Dedication to young anglers lands a gong
THIS week, Terry Catton was hard at work preparing for prize-giving at the youth club he started 12 years ago for the young people in the former pit villages of South Yorkshire.
Now, the former miner is to be on the receiving end of an award ceremony, as he prepares for a trip to Buckingham Palace to collect an MBE.
Mr Catton was treasurer of a fishing club in South Elmsall, near Barnsley, when he began to organise special angling outings for those who were too young to take part in the adult activities.
From these small beginnings, he formed the South Elmsall Piscatorial Youth Section, which provides not just fishing trips, but holidays and activities for the children of communities which have yet to recover from the pit closures of the 80s and 90s.
Plans for 2003 include trips to Ireland, Scotland and Holland. Previous trips have included weeks in London and Windsor.
Mr Catton said: "When you form an organisation it's always a good idea to have in the title a word nobody can spell.
"I don't know that I deserve such recognition. It keeps you young working with these people and there's not many people who are over 40 and can say they have the respect of young people."
Mr Catton and his wife, Phyllis, have been foster parents to more than 40 children. They now specialise in fostering children with special needs. "I thought maybe I should give up fostering when I got to 60," said Mr Catton, but we've got so much space at home and the place felt kind of empty."
Mrs Catton is secretary of the club, responsible for finding funds from sources including grants and bingo nights. They have two daughters.
South Yorkshire's pit villages have been devastated by unemployment, crime and drug abuse in the wake of the mining redundancies which placed the majority of the men on the dole or in low-wage jobs.
While several attempts have been made, not least by FE colleges, to improve the prospects of the villagers, the graffiti-strewn buildings create an eerie resemblance to inner-city decay despite their isolated and rural setting.
Mr Catton believes the democratic nature of his club, and the confidence-building which comes from communal activities, has made a difference. Weekly meetings are held at which the members agree weekend activities. Many have gone on to jobs which previously they would have lacked the confidence to apply for. Others have had help with life skills including getting through their driving tests.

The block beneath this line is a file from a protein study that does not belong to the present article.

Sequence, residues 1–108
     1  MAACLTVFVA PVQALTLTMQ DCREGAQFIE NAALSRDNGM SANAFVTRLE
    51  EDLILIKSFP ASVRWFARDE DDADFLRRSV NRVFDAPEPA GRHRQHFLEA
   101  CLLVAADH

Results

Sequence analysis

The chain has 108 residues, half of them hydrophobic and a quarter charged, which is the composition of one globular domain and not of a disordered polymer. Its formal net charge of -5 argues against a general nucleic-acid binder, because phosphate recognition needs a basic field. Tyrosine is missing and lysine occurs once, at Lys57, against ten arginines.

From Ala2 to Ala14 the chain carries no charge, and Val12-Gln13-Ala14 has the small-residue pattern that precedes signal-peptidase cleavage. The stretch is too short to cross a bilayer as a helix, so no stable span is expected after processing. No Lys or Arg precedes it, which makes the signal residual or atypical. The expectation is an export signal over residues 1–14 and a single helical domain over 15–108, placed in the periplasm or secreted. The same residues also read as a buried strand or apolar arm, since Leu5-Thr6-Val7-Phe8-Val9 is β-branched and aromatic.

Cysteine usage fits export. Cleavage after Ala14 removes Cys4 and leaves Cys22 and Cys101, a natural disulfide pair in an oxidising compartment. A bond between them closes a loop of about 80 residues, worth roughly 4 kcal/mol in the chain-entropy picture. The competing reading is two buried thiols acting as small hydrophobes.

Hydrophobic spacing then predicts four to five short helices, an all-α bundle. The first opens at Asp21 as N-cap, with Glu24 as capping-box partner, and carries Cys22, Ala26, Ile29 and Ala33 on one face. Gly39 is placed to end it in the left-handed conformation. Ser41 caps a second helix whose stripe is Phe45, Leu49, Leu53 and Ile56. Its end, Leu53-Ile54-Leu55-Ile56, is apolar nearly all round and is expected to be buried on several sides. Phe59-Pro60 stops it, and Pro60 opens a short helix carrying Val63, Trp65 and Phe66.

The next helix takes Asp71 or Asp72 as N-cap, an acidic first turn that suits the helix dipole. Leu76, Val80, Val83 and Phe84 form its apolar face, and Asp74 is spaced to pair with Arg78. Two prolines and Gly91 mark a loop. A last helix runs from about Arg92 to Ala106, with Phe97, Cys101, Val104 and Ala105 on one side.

Along with Mr Catton the following received New Year's honours: MBEs
Maureen Fairbank, learning adviser and support worker, Hull College. Services to special needs education.
Jennifer Gartland, project director, Thanet Basic Skills partnership. Services to adult literacy and numeracy.
Gertrude Goldsmith, chair, Workers Educational Association, Croydon. Services to adult education.
Herman Miller, senior security officer and caretaker, Canterbury College, Kent. Services to FE.
Alan Noble, adult education and lifelong learning officer, Buckinghamshire County Council. Services to adult and community education.
Kevin Richmond, lecturer, Abingdon and Witney College, Oxfordshire. Services to FE.
Gerard Walters, manager, West Oxfordshire Trainng Services. Services to training and social inclusion.
Fadima Zubairu, careers adviser, Connexions, Manchester. Services to young people.
Colin Greenhalgh, former principal, Hills Road Sixth Form College, Cambridge. Services to FE.
Brian Styles, principal, City of Bristol College. Services to FE.
Douglas Brydges, president, Meat Training Council. Services to the meat industry.
Carolyn Hayman, chief executive, Foyer Federation. Services to young people.
Professor Christopher O'Brien, chair, Portland College, Nottingham. Services to further education for the disabled.
Adrian Perry, former principal, Lambeth College, south London. Services to FE (see story left).
Linda Portis, chief executive, Bexley Training Group. Services to vocational training.
Merillie Vaughan-Huxley, who helped the Learning and Skills Council form its equality and diversity policy. Services to young people.
Tom Wylie, chief executive, National Youth Agency. Services to young people.